Times Staff Writer
Tampa Bay residents who lived at Camp Lejeune, N.C., between 1972 and 1986 will receive a health survey by Friday as scientists research whether the base's polluted water harmed their health.
About 250,000 former residents of the Marine Corps base in every U.S. state are getting the mailing from the Agency for Toxic Substances & Disease Registry, ATSDR officials say.
The survey is one of the largest of its type ever conducted and includes about 14,000 Floridians — 2,816 of those from the Tampa Bay area. ATSDR says the work may help direct future research.
But the survey, which must be returned to ATSDR by Christmas, comes amid controversy as critics accuse the Marine Corps and its Navy overseers of trying to quash participation. The Corps denies the charge.
"The Marine Corps fully supports ATSDR's work on the health survey and strongly encourages participation," said Capt. Kendra Hardesty, a Corps spokeswoman. "The more surveys that are filled out and returned, the more likely the results will be useful."
In separate mailings in the last two years, the Corps has referred former residents of Lejeune to a 2009 report by the National Research Council. The NRC is related to the National Academies, which advises the government on scientific matters.
One conclusion of the report is that the question of linking illness to any of Camp Lejeune's contaminants "cannot be answered definitively with further scientific study."
The report was sponsored by the Navy.
"We're moving forward with the survey, so we obviously disagree," said Christopher Portier, ATSDR's director. "They did not have all the exposure information we now have ... in terms of the magnitude of exposure."
Critics of the Corps, and some scientists, have raised questions about the completeness of the NRC report. Jennifer Walsh, a spokesperson for the National Academies of Sciences, said, "We stand by our report."
The NRC report contains no mention of the only two tests showing high levels of the carcinogen benzene in a working water well and in tap water at the base in the mid-1980s. Benzene is a component of fuel.
A sample from the well in July 1984 contained 380 parts per billion benzene, far above the level considered safe by federal scientists. A tap water sample in 1985 recorded 2,500 ppb benzene. The Corps says the second result was a testing error.
Why these two tests are not in the report is unclear. The NRC had access to both results.
"The water sampling data were extremely limited no matter how you look at it," said Lianne Sheppard, a statistician and professor at the University of Washington who served on the NRC panel that produced the report. "Two additional samples that appear to have been missed might be unfortunate from a completeness point of view ... but would not have meaningfully changed the conclusions."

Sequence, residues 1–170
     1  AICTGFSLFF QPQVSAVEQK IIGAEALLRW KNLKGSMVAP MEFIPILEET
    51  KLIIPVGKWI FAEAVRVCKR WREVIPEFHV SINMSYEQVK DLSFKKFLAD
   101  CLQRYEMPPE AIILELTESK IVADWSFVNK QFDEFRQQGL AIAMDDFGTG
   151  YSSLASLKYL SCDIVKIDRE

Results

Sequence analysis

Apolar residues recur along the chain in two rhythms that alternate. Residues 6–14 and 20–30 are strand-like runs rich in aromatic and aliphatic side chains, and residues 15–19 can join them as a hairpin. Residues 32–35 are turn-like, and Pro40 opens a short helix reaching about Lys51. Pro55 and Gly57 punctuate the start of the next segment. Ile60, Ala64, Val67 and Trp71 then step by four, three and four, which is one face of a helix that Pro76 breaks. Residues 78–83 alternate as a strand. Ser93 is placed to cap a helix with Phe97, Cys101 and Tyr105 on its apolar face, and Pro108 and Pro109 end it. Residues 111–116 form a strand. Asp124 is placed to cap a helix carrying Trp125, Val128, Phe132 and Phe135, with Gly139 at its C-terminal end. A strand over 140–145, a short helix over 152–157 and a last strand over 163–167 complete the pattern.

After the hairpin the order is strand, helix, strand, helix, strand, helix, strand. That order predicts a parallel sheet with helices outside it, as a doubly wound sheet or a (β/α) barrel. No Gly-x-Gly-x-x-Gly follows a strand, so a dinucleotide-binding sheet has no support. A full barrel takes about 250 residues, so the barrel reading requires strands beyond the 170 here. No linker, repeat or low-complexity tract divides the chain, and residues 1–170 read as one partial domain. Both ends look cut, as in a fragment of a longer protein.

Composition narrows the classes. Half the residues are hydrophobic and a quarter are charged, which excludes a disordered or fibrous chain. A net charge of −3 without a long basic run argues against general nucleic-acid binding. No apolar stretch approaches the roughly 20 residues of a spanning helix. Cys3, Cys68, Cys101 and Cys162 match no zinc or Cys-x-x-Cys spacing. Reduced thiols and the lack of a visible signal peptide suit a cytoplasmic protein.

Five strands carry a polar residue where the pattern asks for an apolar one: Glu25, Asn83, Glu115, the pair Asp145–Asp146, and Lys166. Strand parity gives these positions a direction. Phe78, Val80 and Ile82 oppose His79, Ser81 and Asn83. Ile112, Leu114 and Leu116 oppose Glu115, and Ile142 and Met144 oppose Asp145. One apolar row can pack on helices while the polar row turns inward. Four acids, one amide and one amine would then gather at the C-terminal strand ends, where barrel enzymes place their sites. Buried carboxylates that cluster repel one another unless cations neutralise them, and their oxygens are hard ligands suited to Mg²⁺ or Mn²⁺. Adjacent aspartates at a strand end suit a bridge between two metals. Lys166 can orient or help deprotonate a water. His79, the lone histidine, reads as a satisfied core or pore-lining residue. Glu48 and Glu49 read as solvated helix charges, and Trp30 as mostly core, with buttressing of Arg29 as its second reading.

The NRC report also was published before it was widely known that up to 1.1 million gallons of gasoline were spilled at Lejeune's fuel depot.
A point of contention between the Corps and its critics is that the NRC report assessed benzene, which critics say it did not. "Now the Corps is using the NRC to create doubt," said Jerry Ensminger, a leading advocate for Lejeune veterans.
David Savitz, chair of the NRC panel that wrote the report, acknowledged it paid far less attention to benzene than other chemicals.
"We did summarize the known health effects of benzene, but very briefly because they are well known," said David Savitz, a researcher at Brown University who chaired the NRC committee.
Richard Clapp, a professor emeritus of environmental health at Boston University who has worked on Lejeune pollution issues, was one of three peer reviewers of the NRC's report.
Clapp said he thought the NRC was too dismissive of the water modeling work being done by ATSDR that attempts to reconstruct contaminant levels through Lejeune's history.
But Clapp said the NRC ignored his comments, and the final report was not changed.
"Some panel members thought they were doing (Camp Lejeune) residents a favor by saying it would be a waste of time trying to nail down" whether polluted water caused disease.
He said members of the NRC panel thought this conclusion would speed government compensation to victims by avoiding years of additional study.
"That was sort of politically naive," Clapp said.
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